Montag, 12. September 2011

Python and Linux kernel 3.0: sys.platform != 'linux2'

It's getting more and more challenging to compile Python. Half a year ago Python 2.x's build system broke caused by multiarch support in Ubuntu Natty. Now Linux kernel 3.0 is going to reveal yet another issue in Python's configure script.

If you compile Python under kernel 3.0, sys.platform changes to 'linux3'. The altered platform string introduces bugs in several libraries and in our softwares stack, too. We and a lot of other people check for Linux with sys.platform == "linux2".
>>> import sys
>>> sys.platform
'linux3'
It turns out the 'configure' script causes the problem. It takes the lower case kernel name (uname -s) and first digit of the kernel release (uname -r) to fill the variable MACHDEP. The issue is discussed in http://bugs.python.org/issue12326 to a create length and addressed in upcoming releases 2.7.3, 3.2.2 and 3.3. The 2.7 and 3.2 series announce a 3.0 Linux kernel as linux2 platform. Starting with Python 3.3 sys.platform will be 'linux' for Kernel 2.x and 3.x.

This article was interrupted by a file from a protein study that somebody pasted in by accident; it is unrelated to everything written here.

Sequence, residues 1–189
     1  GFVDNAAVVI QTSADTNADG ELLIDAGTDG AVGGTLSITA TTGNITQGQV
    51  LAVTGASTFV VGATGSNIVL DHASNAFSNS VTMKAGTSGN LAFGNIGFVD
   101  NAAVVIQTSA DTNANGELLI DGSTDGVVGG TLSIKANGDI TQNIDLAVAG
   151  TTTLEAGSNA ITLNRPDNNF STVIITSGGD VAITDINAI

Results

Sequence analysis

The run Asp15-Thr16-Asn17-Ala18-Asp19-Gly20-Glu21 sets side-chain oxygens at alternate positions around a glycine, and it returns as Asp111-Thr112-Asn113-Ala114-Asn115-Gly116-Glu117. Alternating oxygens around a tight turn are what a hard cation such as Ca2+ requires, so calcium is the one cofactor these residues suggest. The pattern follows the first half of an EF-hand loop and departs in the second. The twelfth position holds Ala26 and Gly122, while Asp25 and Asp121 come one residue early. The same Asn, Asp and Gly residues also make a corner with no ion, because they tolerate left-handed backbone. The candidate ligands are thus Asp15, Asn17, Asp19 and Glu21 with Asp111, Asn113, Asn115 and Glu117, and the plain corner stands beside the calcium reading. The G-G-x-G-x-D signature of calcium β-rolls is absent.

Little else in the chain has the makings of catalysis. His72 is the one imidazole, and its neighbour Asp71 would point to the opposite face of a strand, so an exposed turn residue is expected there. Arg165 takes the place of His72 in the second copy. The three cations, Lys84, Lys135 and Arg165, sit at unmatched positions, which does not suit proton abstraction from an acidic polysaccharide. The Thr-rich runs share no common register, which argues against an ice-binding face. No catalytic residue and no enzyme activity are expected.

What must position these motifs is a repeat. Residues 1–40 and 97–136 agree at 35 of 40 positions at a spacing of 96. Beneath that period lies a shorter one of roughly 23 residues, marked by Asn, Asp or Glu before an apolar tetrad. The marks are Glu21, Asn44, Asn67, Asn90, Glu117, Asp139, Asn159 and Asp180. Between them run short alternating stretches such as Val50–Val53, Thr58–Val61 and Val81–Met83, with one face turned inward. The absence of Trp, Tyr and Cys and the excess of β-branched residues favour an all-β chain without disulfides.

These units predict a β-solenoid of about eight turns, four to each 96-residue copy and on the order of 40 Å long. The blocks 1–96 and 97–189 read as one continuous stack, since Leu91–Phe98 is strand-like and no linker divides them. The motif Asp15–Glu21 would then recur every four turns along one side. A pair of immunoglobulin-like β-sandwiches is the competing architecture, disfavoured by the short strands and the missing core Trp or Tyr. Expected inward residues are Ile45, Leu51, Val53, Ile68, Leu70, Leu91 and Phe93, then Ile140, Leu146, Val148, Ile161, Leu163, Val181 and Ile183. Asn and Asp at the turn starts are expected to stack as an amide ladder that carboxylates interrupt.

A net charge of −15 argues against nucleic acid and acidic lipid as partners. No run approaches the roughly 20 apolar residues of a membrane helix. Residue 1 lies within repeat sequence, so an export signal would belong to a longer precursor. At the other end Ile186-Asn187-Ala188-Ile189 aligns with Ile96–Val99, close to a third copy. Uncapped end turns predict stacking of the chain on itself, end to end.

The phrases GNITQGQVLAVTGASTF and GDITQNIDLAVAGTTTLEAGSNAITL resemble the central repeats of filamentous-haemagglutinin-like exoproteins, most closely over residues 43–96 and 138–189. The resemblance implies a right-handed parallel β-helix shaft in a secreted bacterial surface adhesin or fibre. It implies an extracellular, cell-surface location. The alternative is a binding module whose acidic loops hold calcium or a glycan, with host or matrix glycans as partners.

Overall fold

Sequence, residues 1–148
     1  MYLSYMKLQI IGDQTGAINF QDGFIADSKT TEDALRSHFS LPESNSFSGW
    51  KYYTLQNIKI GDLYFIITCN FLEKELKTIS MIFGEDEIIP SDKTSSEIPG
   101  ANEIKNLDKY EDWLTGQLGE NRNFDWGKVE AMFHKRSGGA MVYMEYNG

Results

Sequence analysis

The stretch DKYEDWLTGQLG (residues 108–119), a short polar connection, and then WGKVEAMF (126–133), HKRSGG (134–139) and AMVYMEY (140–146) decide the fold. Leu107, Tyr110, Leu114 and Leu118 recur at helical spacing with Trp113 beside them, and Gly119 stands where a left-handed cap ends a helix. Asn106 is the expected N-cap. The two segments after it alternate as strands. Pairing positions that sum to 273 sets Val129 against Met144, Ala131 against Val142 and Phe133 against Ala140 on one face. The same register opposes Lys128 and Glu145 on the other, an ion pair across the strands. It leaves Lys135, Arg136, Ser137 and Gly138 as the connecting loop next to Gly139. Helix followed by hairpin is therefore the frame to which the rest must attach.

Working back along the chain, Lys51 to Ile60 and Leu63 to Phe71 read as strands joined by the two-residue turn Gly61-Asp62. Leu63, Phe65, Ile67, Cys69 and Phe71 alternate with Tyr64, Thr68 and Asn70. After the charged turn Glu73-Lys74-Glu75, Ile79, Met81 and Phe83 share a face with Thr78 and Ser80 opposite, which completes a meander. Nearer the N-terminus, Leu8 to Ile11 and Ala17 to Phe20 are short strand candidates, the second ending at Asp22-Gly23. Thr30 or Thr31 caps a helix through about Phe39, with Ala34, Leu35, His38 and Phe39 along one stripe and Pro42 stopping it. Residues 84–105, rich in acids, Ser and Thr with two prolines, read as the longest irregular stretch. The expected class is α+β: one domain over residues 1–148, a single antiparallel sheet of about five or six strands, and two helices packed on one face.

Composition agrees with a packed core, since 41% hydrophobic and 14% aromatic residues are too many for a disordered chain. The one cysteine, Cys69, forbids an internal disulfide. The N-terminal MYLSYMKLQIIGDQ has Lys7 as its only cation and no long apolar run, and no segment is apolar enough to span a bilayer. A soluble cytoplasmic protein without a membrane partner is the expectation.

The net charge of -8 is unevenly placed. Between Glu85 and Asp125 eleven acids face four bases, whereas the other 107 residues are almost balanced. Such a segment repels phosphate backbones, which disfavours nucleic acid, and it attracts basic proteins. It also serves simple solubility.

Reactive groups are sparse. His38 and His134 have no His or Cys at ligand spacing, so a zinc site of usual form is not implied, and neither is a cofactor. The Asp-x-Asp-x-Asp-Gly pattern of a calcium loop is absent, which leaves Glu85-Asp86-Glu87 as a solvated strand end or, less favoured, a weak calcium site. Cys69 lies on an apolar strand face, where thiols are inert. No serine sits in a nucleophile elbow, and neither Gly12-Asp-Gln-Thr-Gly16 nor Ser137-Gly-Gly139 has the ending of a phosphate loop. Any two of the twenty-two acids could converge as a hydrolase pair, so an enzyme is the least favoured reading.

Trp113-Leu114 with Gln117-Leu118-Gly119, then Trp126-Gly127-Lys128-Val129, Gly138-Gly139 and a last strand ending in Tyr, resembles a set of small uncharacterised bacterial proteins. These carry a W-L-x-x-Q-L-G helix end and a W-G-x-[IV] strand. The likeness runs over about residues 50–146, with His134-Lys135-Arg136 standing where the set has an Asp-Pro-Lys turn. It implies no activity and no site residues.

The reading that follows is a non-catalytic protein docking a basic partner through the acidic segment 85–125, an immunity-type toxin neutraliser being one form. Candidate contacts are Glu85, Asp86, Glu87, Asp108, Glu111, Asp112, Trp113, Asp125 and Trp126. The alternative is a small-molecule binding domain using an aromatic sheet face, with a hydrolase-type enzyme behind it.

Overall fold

However 2.7.3 isn't out yet. Worse older versions of Python are in maintenance mode and will only see security fixes. I'm going to show you, how you can work around the issue.

Change your software

I recommend that you replace all code like sys.platform == "linux2" with sys.platform.startswith("linux"). It causes the least trouble and is future compatible with Python 3.3 as well.

Alter the configure script

If you compile your own version of Python on Linux, you can alter the configure script before running it.

       case $MACHDEP in
cygwin*) MACHDEP="cygwin";;
darwin*) MACHDEP="darwin";;
atheos*) MACHDEP="atheos";;
irix646) MACHDEP="irix6";;
linux*) MACHDEP="linux2";; # add this line
'') MACHDEP="unknown";;
esac

Run make with MACHDEP=linux2

I find it easier to run make a different MACHDEP variable. It requires no patching.
    ./configure
make MACHDEP=linux2
make altinstall
Good luck!

1 Kommentar:

  1. Vielen dank! Your very clear instructions helped me to successfully install Python 2.6 from source on Ubuntu 12.04.

    Jurgen Blignaut

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